People who suffer from stroke or reduced mobility find it hard to operate devices and equipment at home, but now there is a new smart system that can help them do it without help from others.
The iWheelchair intelligent wheelchair system, developed by a team from the Hong Kong Polytechnic University, allows people with disabilities to control home devices, such as television sets, electric curtains and electric beds, through a computer installed in their wheelchairs, the Hong Kong Economic Journal reported on Thursday.
The tablet computer is connected to devices through Bluetooth technology, and it has a control mechanism made of fabric instead of a touchscreen, which allows the user to operate it just by moving their thumbs.
In addition, the system comes with sensors that alert a user if they have to change their diapers when a certain level of moisture is reached.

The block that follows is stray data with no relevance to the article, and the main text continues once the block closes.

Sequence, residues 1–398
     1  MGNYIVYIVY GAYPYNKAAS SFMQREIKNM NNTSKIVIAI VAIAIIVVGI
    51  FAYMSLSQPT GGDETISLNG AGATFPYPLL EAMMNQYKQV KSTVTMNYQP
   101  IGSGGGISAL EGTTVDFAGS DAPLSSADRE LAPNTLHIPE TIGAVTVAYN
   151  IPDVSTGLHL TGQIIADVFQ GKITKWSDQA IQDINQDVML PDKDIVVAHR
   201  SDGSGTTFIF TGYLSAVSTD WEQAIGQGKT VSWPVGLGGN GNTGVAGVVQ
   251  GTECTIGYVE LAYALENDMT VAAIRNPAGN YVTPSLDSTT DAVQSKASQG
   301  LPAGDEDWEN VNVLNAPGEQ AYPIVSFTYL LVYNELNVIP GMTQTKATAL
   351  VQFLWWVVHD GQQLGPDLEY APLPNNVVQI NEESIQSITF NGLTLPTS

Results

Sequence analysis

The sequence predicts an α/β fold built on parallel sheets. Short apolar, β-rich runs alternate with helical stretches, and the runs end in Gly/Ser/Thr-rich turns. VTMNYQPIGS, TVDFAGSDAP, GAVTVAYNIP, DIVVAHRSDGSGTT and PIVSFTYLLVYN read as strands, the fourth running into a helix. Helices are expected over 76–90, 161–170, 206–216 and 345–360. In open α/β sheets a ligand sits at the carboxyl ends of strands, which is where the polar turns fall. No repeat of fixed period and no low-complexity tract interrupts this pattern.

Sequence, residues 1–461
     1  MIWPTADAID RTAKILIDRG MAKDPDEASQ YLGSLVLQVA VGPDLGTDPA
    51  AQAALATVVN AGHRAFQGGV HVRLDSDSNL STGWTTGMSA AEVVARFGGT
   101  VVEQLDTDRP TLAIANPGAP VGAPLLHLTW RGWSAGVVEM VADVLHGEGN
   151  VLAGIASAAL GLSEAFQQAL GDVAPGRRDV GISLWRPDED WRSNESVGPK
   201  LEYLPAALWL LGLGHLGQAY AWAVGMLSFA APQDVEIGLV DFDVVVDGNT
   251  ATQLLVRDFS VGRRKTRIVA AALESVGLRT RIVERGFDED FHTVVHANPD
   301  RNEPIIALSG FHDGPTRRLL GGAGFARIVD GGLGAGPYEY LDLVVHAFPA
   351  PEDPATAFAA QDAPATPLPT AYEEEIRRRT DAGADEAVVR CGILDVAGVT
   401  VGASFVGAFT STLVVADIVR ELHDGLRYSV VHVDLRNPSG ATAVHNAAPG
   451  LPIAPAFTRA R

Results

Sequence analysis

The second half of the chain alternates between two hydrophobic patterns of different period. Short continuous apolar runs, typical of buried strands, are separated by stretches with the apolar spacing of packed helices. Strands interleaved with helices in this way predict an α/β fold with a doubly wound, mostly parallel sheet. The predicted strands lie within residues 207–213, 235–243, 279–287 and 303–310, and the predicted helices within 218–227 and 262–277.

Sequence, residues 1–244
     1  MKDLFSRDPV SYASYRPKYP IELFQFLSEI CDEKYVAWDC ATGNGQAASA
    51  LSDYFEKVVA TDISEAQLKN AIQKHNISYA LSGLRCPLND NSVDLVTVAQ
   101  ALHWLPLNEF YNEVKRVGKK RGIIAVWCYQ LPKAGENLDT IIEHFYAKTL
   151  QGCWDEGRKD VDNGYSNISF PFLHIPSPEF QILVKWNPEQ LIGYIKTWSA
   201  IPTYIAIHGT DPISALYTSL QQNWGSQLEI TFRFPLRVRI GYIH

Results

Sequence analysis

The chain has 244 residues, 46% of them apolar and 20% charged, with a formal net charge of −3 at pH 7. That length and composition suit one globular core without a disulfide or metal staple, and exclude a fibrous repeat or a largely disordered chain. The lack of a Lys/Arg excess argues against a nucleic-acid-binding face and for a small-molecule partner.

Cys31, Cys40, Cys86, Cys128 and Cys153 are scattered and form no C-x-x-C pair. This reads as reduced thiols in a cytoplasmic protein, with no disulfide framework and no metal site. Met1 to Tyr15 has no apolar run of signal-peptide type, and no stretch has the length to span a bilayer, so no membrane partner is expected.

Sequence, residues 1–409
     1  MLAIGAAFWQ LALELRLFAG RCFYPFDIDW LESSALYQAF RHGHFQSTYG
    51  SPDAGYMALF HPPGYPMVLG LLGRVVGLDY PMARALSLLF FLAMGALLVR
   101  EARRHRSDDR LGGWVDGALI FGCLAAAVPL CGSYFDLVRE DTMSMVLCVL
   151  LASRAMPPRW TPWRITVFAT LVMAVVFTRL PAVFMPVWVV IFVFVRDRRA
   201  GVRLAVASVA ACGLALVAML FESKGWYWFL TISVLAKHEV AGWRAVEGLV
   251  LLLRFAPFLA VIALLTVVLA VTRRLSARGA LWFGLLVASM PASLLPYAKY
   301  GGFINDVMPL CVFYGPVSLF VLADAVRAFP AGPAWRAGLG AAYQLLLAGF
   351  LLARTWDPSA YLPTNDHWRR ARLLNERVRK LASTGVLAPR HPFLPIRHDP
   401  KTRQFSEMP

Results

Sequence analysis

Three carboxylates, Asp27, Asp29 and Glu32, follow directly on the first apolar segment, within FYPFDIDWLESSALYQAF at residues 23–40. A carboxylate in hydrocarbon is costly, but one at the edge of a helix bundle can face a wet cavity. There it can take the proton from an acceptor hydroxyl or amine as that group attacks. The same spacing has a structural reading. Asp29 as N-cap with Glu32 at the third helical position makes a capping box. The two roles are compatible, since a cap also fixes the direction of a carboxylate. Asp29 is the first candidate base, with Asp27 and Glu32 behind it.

An SMS alert will also be sent to a caretaker’s phone should the system user fall from the wheelchair.
The innovative system is designed not only to help wheelchair-bound people manage their daily routine with more ease but also to lighten the burden of caretakers.
The new invention is not cheap, however. At the moment, one set, excluding the wheelchair and the tablet computer, costs about HK$25,000 (US$3,222).
The team is looking for a commercial manufacturer in the hope of lowering the price through mass production.
Dr. Eric Tam Wing-cheung, assistant professor at PolyU’s interdisciplinary division of biomedical engineering and the project coordinator of iWheelchair, said the next step is for the team to coordinate with others to get more ideas and add more features to the smart wheelchair system.
The iWheelchair system won a bronze medal award in the 2015 Seoul International Invention Fair.
[Chinese version 中文版]
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